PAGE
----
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The Bourne Ultimatum

A Satisfying Conclusion to the Series

Jason Bourne is very much the anti-Bond in The Bourne Ultimatum, the concluding chapter (or so we’ve been promised) to the series that began five years ago with Doug Liman’s (Mr. and Mrs. Smith, Go, Swingers) adaptation of Robert Ludlam’s bestselling novel, The Bourne Identity and continued with The Bourne Supremacy with Paul Greengrass (United 93, Bloody Sunday) at the helm. The gritty locales, a cynicism-heavy espionage storyline, small-scale action scenes, and an intense turn from Matt Damon as the reluctant title character all contributed to a positive reception from critics and $500 million dollars combined for the first two films in the series.

The Bourne Ultimatum picks up where The Bourne Supremacy left off, with Jason Bourne (Matt Damon), an ex-CIA assassin, bleeding and on the run in Moscow. There to make amends with the daughter of a man he killed, Bourne narrowly escapes. His escape, however, hasn't gone unnoticed. His former employers in the CIA, Noah Vosen (David Strathairn), the deputy director in charge of anti-terrorism based out of New York, and Ezra Kramer (Scott Glenn), the head of the CIA, decide that Bourne should be eliminated. Kramer sends another CIA official, Pamela Landy (Joan Allen), to help Vosen track Bourne down. Throughout, Bourne is driven to discover not who he is (that much he knows already) but how and why he became an assassin.

Five years ago, The Bourne Identity was a refreshing, imaginative take on the spy thriller that had grown increasingly stale and irrelevant. Doug Liman employed a naturalistic style that depended heavily on handheld cameras, rapid-fire cuts, on-location shooting, and small-scale, stunt-heavy action scenes. As a filmmaking style, it has its roots in the French New Wave and the cinéma vérité style first favored by Western filmmakers in the early 60s. When Liman decided not to direct the sequel, The Bourne Supremacy, Paul Greengrass, a documentary filmmaker turned feature director with a similar shooting style, stepped in to take his place. Like Liman, Greengrass’ style depended on handheld cameras and rapid-fire editing, making him the logical choice to take over the Bourne franchise.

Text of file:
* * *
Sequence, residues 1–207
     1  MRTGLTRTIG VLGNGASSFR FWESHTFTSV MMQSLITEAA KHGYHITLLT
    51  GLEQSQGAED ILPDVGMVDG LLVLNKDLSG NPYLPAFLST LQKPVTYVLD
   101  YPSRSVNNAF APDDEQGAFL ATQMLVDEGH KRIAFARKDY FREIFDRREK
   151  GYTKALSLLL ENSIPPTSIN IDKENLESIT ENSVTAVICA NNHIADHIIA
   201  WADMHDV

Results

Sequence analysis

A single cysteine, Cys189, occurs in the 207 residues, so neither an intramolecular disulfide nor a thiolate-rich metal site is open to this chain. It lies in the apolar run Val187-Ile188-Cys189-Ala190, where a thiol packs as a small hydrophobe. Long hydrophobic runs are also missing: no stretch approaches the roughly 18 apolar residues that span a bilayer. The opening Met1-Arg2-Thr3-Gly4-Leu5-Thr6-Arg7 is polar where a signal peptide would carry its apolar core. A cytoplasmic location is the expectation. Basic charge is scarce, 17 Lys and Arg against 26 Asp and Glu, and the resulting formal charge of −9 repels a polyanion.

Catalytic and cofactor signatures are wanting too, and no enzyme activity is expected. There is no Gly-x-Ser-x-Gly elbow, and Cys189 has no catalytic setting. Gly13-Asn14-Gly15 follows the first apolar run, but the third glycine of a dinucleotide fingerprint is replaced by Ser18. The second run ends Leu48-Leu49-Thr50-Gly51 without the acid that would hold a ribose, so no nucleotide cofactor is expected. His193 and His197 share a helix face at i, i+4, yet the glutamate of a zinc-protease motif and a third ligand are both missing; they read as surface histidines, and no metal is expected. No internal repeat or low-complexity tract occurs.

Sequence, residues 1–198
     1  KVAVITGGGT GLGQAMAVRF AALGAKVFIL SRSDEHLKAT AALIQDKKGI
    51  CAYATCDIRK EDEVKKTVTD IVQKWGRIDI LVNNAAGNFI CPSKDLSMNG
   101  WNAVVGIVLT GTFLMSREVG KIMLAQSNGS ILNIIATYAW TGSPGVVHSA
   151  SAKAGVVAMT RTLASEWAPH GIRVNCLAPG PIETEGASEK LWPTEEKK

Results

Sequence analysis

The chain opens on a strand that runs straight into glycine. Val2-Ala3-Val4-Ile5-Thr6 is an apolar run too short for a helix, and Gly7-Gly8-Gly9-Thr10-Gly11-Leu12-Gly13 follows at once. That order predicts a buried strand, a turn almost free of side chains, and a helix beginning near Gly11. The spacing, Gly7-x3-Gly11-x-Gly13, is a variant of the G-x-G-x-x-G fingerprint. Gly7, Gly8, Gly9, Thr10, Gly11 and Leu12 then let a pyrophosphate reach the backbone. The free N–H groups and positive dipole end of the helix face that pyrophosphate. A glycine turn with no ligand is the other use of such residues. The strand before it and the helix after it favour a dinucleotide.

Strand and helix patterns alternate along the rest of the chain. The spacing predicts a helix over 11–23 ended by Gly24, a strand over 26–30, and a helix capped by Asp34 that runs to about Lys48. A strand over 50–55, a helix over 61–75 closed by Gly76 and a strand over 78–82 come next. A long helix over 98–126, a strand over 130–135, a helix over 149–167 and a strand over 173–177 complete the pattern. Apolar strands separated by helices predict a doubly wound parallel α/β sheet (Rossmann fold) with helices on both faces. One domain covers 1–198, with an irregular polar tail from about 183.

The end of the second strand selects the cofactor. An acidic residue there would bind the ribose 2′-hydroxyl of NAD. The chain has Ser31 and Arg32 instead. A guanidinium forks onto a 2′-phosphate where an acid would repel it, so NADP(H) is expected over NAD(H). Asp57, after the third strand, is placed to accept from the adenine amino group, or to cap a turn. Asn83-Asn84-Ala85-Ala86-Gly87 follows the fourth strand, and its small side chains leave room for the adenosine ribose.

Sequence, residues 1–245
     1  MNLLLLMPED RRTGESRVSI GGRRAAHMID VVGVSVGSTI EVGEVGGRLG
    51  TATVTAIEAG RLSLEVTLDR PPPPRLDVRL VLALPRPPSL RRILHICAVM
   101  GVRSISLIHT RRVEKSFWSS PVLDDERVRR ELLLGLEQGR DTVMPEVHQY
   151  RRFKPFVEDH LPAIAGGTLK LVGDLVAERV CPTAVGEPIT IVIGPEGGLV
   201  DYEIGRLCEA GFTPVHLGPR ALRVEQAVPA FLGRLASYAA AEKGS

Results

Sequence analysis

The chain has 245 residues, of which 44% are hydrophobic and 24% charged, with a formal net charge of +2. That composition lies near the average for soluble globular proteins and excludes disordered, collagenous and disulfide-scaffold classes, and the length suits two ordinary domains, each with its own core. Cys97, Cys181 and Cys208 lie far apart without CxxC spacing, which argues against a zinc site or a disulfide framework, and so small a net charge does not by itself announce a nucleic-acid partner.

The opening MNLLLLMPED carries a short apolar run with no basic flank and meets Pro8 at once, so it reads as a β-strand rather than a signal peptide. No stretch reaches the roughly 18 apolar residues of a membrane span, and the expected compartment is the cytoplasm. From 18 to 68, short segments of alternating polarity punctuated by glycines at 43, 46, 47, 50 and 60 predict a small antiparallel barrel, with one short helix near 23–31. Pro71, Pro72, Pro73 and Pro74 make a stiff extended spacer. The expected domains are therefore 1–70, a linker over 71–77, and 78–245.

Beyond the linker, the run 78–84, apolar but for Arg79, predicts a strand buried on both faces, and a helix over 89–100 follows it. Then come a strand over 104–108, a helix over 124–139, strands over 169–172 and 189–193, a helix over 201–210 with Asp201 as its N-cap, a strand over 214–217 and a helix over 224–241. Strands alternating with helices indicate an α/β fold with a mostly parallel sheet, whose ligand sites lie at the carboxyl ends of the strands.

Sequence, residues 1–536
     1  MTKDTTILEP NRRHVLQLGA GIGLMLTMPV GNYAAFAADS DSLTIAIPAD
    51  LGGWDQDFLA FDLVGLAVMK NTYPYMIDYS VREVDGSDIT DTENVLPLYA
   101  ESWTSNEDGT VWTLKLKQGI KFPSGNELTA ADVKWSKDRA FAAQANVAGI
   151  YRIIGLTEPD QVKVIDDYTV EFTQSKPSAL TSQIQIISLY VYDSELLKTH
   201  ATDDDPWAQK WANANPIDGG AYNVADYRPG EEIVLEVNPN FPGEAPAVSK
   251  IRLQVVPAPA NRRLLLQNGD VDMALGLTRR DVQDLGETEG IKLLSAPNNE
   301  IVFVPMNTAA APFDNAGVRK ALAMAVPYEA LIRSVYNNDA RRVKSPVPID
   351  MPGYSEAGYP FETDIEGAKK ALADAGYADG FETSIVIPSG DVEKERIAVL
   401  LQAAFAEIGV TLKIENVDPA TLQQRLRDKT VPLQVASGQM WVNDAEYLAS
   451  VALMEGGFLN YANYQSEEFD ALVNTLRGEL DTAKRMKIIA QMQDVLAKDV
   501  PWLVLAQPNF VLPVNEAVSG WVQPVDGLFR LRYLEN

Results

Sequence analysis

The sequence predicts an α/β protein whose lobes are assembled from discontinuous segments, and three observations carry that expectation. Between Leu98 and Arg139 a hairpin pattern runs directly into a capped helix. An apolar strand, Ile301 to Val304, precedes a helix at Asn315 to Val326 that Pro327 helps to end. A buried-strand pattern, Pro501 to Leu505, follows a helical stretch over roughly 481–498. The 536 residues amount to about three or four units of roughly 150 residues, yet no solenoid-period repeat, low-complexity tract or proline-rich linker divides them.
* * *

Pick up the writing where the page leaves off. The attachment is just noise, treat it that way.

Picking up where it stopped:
Like the first two films in the series, The Bourne Ultimatum’s borrows elements and themes from the conspiracy thriller sub-genre that emerged, unsurprisingly enough, in the 70s with All the President’s Men, Three Days of the Condor, The Parallax View, and Winter Kills, but modernizes it with chilling references to “rendition protocols,” “experimental interrogation techniques,” and, of course, assassinations by an oversight-free black ops group. Some of these references may strike too close to home for some moviegoers, but screenwriters Tony Gilroy, Scott Z. Burns, and George Nolfi keep the politics just murky enough (e.g., no current politicians or administrations are named) to sidestep any objections about political point scoring.

Ultimately, The Bourne Ultimatum delivers the small-scale set pieces on par with the first two entries in the series, including an extended chase scene in Tangiers on motorcycle and on foot at the midpoint and a car chase in Manhattan near the end, and for some or most moviegoers hoping to see an escapist action/thriller that will be enough, but in the depiction of a reluctant, conscience-stricken hero (or anti-hero), The Bourne Ultimatum remains the perfect anti-Bond for our morally ambiguous, uncertain times.

Rating: 4 out of 5 stars